Finding new motivations the second time around

By Pete Isaac
Aug. 2, 2016

I cannot remember exactly where we were heading – there is a good chance it was to get some chicken wings for dinner – but I remember the conversation ended with “…so I’ve decided to apply to be a Peace Corps Response Volunteer,” and my father slowly nodded his head and kept driving. 

While this would eventually turn into my second opportunity to serve as a Peace Corps Volunteer, the motivations this time around were entirely different.

When I originally applied to be a Peace Corps Volunteer in January 2010, it was because I was in need of something new, something challenging, and something to test my professional and personal skills. It turns out that Ukraine was an amazing opportunity for me to experience all that and more. When I first arrived, I felt somewhat lost and foreign. I was introduced to the country with a cheese- and mayonnaise-topped beet salad and promptly dropped off in a village armed with the knowledge to say my name and “I do not understand” in Russian.

Thirty-three months later, I was leaving Ukraine having:

  • ·         Helped to open three humanitarian aid distribution centers
  • ·         Played a major part of a social entrepreneurship project utilizing Etsy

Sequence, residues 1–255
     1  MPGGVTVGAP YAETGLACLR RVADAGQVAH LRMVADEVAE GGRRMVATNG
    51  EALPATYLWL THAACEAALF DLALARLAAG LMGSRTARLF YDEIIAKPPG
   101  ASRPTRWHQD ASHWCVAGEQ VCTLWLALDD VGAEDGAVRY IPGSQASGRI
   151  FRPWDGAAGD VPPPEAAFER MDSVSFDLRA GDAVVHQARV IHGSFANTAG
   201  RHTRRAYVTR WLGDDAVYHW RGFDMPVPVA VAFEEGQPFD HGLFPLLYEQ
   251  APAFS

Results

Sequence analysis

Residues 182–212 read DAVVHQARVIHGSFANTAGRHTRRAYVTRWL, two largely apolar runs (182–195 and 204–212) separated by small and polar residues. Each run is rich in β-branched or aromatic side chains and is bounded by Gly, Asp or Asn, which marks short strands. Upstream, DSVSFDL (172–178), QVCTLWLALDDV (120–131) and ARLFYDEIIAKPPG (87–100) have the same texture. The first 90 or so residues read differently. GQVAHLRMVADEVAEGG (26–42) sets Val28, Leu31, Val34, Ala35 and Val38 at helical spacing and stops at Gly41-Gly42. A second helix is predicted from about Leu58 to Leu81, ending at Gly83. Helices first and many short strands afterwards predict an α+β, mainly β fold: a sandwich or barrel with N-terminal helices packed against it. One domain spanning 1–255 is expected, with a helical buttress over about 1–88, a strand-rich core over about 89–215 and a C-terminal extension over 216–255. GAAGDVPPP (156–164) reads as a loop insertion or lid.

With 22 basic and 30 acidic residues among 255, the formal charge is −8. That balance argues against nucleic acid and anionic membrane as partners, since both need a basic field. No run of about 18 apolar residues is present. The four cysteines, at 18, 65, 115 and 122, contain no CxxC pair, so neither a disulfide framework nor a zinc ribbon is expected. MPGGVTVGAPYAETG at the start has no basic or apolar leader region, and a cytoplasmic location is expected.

• ·         Participated in and directed multiple youth camps
  • ·         Helped start a United States-based nonprofit
Keyhole "kitchen" garden beneficiaries are selected in rural communities and our technicians help train and implement these gardens to help increase household nutrition and curb childhood stunting.
Keyhole "kitchen" garden beneficiaries are selected in rural communities and our technicians help train and implement these gardens to help increase household nutrition and curb childhood stunting.

Ukraine taught me more about the world and myself than I ever would have imagined – yet here I was, leaving a country I had come to know and treasure, on the brink of a revolution.

Upon arrival to the United States, I was lucky enough to find a good job in Philadelphia, a city I grew to love. However, over time I began to feel like something was missing and I struggled to put my finger on it. It was not until Thanksgiving 2015 back in my Rhode Island hometown that it all clicked. While deep in a conversation about life passions with one of my closest friends, something that had been whispering in my ear of late had suddenly grown like the gentle chop of the Narragansett Bay on a warm summer’s day. Now it was sustained, chest high and right there in front of me. The fact that I really enjoyed being a Peace Corps Volunteer is not a secret. Working side by side, helping others improve their communities, seeing the passion and the fulfillment firsthand, all the while supporting others to achieve their dreams – that is what I missed and what I knew I wanted to go back to.